How To Lacquer Or Oil A Wood Floor

Soooo…. You have a freshly sanded and thoroughly vacuumed floor. You’re at the stage where you are ready to lacquer or hardwax oil your wood floor. From now on I will refer to this task as just “lacquering”, for simplicities sake.

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What you need:

  • 8 inch roller (and handle and pole)
  • Brush
  • Finishing product of choice
  • Bucket or at least paint tray
  • Courage

This article isn’t about telling you what product to use, it’s about giving you the information needed to apply your finish of choice. You will be able to apply 95% of lacquers or hardwax oils with this method. Infact the only difference between lacquering and hardwax oiling is that I recommend a medium pile roller for lacquering or varnishing and a short pile roller for hardwax-oil.

Which brings me neatly to the topic of which roller to buy. I use a professional lacquering roller, most large lacquering companies will have their own rollers (they’re all pretty much the same). However I used to just use a high quality decorating roller. If you go down to your local decorating store, you need to look for pretty much the most expensive roller. Medium pile, no loss, gloss roller. If you buy the cheapest roller they have, you WILL have problems, no doubt in my mind.

As for the brush, its not so important, so long as its clean(new). If you use a very low quality brush you may spend a lot of time picking bristles out of the lacquer, which would just slow you down, which can cause problems in itself.

Shake the can thoroughly, before pouring into the bucket. Make sure you check the instructions to find out how much area 1 litre of your finish covers, so you don’t pour too much. If your product is a 2 pack, pour the hardener in slowly while stirring.

We want to ideally start in the corner farthest from the door, working your way back towards the door 1 strip at a time.

So you brush the lacquer along the ends of the boards into the corner (about 24 to 36 inches wide), then down the end board, with the grain, against the back wall about 4 or 5 feet(as demonstrated in the video). Then dip the roller in the bucket, rolling it around a bit to get the roller fully laden with lacquer. Then lift it out and start lacquering that area you have kind of drawn a border round.

The roller should be moving along the grain of the wood up and down the boards, no wider than the 24 to 36 inches and as long down the boards as you can before the lacquer starts getting a bit thin (4 or 5 feet is about right).

If you are having to press down on the floor with the roller to get the lacquer onto the floor then you don’t have enough lacquer on your roller. You don’t want puddles of lacquer on the floor but at the same time you need enough on there that it can form a smooth surface as liquids generally do. If it’s too thin the lacquer can dry with an orange peel effect on the surface.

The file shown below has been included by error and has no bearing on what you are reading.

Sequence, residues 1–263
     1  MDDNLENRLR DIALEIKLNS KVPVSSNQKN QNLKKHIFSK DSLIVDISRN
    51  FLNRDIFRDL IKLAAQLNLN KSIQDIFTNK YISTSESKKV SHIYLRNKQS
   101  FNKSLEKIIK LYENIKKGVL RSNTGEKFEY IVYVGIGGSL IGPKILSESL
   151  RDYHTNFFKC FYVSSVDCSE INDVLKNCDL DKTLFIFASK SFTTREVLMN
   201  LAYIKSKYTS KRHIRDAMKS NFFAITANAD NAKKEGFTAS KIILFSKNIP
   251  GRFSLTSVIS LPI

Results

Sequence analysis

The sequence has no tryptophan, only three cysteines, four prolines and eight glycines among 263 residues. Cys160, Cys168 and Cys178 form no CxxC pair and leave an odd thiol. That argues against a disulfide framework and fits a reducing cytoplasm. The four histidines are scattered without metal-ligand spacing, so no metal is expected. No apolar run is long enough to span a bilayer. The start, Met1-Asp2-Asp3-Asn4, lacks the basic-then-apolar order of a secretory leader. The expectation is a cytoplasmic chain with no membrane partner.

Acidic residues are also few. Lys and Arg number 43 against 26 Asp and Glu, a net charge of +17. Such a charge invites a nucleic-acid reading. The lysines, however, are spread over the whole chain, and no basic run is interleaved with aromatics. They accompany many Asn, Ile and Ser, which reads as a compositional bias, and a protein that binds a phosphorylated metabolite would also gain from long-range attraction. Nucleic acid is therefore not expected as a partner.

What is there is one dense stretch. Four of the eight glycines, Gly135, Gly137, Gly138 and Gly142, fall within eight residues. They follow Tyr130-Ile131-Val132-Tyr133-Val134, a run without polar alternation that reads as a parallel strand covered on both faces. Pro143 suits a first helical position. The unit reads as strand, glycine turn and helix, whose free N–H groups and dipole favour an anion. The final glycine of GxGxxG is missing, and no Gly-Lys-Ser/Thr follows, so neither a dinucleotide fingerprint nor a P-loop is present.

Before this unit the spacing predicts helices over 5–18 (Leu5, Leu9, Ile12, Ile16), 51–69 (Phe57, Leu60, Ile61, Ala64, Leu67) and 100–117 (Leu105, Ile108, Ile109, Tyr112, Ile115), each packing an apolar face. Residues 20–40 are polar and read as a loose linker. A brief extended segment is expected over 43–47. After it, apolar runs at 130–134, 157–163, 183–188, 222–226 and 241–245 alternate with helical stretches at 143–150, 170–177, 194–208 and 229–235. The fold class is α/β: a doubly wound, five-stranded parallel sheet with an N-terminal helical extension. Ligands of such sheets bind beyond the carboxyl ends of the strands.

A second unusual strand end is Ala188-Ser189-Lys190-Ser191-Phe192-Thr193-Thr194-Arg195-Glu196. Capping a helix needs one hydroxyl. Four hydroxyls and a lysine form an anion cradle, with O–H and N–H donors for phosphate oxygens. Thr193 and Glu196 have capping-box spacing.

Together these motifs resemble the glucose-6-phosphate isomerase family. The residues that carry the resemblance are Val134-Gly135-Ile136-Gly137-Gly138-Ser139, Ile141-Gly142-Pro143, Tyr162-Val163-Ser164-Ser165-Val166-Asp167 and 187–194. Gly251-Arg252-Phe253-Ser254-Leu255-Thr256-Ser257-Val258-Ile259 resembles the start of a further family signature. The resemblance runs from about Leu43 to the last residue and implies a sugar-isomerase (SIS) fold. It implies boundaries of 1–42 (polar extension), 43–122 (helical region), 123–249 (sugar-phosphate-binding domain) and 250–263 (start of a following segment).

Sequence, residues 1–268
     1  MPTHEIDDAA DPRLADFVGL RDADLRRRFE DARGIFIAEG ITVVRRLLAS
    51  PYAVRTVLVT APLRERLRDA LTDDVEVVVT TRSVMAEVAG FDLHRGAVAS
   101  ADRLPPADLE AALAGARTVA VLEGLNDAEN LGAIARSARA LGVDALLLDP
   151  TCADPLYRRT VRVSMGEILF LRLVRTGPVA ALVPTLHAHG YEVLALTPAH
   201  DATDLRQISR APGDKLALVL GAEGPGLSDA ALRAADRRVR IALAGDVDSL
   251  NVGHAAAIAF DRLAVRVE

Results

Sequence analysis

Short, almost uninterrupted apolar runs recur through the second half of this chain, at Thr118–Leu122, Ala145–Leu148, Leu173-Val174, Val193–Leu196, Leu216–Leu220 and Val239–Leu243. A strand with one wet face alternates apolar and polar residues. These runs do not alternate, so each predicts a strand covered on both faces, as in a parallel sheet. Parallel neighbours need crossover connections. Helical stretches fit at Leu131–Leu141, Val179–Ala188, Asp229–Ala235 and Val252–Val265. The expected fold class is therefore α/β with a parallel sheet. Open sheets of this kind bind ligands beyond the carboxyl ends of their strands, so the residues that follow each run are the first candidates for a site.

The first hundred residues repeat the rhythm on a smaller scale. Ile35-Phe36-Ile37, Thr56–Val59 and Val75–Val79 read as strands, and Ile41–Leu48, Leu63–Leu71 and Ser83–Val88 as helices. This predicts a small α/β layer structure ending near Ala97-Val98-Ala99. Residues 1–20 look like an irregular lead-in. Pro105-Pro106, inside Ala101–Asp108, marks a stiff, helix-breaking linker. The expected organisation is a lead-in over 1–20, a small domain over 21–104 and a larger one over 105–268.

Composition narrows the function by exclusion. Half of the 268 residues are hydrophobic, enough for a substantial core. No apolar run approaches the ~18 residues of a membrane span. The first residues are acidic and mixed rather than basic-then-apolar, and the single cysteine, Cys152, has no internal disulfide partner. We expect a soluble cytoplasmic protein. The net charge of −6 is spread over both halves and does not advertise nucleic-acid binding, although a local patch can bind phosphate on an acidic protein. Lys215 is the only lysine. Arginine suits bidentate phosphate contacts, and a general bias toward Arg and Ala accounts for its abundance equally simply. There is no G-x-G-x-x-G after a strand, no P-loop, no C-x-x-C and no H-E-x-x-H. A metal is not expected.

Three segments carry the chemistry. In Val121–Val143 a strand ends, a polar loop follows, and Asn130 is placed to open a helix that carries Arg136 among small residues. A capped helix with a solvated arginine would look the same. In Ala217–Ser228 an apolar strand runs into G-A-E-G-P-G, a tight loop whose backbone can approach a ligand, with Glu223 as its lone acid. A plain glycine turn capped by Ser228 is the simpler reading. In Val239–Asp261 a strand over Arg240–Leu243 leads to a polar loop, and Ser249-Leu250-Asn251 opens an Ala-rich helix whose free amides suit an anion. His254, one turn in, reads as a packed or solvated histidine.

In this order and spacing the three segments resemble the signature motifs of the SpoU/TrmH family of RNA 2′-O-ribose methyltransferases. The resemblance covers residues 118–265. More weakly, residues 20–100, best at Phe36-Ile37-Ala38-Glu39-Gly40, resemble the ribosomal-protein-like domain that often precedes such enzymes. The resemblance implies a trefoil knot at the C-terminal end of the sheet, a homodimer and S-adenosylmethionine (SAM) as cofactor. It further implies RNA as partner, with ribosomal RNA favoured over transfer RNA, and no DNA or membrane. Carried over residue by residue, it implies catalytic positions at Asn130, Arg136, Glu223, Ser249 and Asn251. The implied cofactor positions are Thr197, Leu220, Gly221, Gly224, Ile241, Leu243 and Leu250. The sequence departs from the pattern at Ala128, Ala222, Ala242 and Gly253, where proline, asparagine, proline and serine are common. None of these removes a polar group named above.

Once you have rolled out that first area, continue brushing down the side of the board against the back wall another 4 to 5 feet. Lacquer that area in keeping with the first area (moving along the boards). Repeat until you are at the end of the room.

So now you have a strip along the edge of the floor lacquered, several boards wide from end to end. Go back to the other side of the floor and brush the ends of the next few boards. Now you don’t have to brush along the back wall, all you have to do is brush the ends of the boards and roller on the lacquer in between. Repeat this whole process of lacquering from one side of the room to the other in strips until you have covered the majority of the floor and you are now standing on the boards that lead out of the door.

Just like the beginning, you have to brush along the ends of the boards and along the wall, but this time you need to do it with smaller sections at a time. Only partially dip the roller in the bucket. Doing this will help prevent accidentally having a huge puddle by the end of the floorbecause if you get something wrong you won’t be able to walk across the floor and fix it.

Lacquer your way back out of the door and to safety. Pop the champagne.

Wow that’s tough to explain, I’m sure you can make sense of it from the video.

When lacquering and varnishing hardwood floors, you should put down one coat of primer or wood seal and 2 coats of lacquer. Some lacquers and varnishes don’t have a primer so rock on with the lacquer. In the video, I am lacquering a stained floor, stain can act as a primer in itself.

Before putting the final coat down, you should lightly key it (rub down) with 120 grit paper, hoover it and then put the last coat down. How to refinish a wooden floor without sanding perfectly depicts this procedure.

When hardwax oiling hardwood floors, generally you only need 2 coats. If you put on a third, no one would throw you in jail.

If you still don’t know which lacquer or oil you are going to use, you can find out what I use and recommend here.

If you have any questions, anything at all, please ask in the comments below. It’s difficult to see this from a newbies eyes so let me have it.

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